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Architectural terms, their definitions in English and their translations

There are 321 entries in this glossary.
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Term Definition
Rear vault

vault of the internal hood of a doorway or window to which a splay has been given on the reveal, sometimes the vaulting surface is terminated by a small rib known as the scoinson rib, and a further development is given by angle shafts carrying this rib, known as scoinson shafts.


receding edge of a flat face. On a flat signboard, for example, the return is the edge which makes up the board’s depth.

Revolving Door

an entrance door for excluding drafts from an interior of a building. A revolving door typically consists of three or four doors that hang on a center shaft and rotate around a vertical axis within a round enclosure.


is a scripting tool based on Microsoft’s VBScript language. With RhinoScript, you can quickly add functionality to Rhino, or automate repetitive tasks. It is a set of instructions or procedures (like a recipe) which is read by the computer line by line. the ability to control the flow of the script is where it becomes useful. it is flow control which enables the script to evaluate certain conditions and respond appropriately.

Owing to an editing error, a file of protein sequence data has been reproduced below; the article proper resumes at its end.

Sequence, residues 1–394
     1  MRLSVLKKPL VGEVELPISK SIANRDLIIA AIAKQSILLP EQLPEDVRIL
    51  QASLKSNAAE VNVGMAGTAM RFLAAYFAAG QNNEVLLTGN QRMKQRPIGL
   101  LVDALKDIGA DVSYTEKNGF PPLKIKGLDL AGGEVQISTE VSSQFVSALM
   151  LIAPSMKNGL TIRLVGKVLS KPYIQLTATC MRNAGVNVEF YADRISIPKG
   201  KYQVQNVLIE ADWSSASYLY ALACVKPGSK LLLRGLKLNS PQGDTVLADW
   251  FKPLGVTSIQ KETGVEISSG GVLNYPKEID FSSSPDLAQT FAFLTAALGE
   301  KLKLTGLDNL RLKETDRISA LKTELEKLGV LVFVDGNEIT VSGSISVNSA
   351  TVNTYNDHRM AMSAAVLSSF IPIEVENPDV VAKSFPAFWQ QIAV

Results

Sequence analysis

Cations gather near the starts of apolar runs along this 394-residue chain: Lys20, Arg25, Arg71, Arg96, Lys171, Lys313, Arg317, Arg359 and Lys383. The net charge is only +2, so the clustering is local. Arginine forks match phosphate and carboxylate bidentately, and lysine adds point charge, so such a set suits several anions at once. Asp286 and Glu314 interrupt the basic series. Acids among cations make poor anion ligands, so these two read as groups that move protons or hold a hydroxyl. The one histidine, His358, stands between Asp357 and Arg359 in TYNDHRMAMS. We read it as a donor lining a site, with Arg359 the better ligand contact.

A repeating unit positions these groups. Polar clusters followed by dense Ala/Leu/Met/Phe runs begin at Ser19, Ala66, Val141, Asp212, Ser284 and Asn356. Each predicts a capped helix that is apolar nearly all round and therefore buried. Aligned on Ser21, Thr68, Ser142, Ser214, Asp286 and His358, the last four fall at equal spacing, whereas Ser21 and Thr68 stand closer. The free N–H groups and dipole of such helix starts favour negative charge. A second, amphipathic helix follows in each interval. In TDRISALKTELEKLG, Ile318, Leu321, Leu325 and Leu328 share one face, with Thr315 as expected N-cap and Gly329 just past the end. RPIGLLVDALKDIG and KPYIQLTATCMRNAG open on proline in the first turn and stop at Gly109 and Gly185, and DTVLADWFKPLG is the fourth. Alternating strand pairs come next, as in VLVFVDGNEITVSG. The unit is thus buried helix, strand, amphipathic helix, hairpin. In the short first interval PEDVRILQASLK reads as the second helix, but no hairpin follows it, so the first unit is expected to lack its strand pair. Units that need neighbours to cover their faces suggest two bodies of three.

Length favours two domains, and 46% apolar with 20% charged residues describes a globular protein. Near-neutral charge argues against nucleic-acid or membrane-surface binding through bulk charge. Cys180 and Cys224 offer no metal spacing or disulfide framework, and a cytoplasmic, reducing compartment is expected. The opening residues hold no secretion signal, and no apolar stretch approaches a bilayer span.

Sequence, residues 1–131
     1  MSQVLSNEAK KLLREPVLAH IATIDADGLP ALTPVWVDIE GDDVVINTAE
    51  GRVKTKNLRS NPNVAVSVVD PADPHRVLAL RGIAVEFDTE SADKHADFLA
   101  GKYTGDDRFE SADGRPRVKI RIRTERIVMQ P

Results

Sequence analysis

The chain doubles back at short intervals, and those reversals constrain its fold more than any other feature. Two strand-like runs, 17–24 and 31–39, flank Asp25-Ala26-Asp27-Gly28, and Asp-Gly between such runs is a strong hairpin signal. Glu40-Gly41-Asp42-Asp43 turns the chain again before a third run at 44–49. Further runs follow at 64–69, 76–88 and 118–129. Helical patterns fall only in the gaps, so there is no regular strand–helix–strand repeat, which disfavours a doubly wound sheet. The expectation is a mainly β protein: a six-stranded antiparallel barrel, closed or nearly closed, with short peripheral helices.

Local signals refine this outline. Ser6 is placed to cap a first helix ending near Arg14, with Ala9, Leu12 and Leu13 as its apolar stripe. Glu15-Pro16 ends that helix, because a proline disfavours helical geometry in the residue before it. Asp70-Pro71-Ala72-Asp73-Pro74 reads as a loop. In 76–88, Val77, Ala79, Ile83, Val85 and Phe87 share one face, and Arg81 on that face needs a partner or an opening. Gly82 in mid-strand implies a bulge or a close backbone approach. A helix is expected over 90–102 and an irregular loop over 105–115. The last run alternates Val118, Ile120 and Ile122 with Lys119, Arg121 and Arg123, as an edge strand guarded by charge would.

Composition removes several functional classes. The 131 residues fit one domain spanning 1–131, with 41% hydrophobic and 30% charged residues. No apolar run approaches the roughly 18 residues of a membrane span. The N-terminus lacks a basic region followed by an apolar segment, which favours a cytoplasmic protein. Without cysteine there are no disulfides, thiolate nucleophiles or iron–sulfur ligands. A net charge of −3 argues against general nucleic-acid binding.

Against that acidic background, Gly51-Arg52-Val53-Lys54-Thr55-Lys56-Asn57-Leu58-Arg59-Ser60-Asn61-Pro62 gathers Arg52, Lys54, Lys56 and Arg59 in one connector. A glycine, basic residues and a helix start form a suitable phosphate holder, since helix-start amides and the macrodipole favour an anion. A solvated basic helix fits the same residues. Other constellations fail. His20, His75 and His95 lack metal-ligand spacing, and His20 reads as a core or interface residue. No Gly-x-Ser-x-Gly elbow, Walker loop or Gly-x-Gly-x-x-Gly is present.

Rib vault

The intersection of two or three barrel vaults.

Roman empire

The name derives from Byzantium, another name for Constantinople, the eastern capital. The style continued for over one thousand years, surviving until the fall of Constantinople to the Turks in 1453. The earliest works of art date from the 6th century when Byzantine art developed its own particular style (I Golden Age). Following a lengthy period of decline caused by the spread of iconoclasm which forbade the representation of religious subjects, it flourished once more during the reign of the Macedonian dynasty (867-1057, II Golden Age) and under the dynasty of the Palaeologus Emperors (1261-1453 Byzantine Renaissance). Byzantine art produced architectural works of art (Hagia Sophia in Constantinople, 7th-century, the Basilica of S. Apollinare Nuovo and S. Apollinare in Classe in Ravenna, 8th-9th century), magnificent mosaics (Ravenna, the cathedral of Monreale in Palermo), as well as icons and illuminated manuscripts.


A style of the figurative arts – especially sculpture – and of architecture which flourished throughout western Europe from the end of the 10th century until the middle of the 12th century (in Italy until the early decades of the 13th century). Typical features of the Romanesque style are: simple pillars often alternating with composite pillars; cross or barrel vault ceilings; external pilaster strips and buttresses; bays separated by transverse arches supported by clustered columns.

Roof comb

the structure that tops a pyramid in monumental Mesoamerican architecture.

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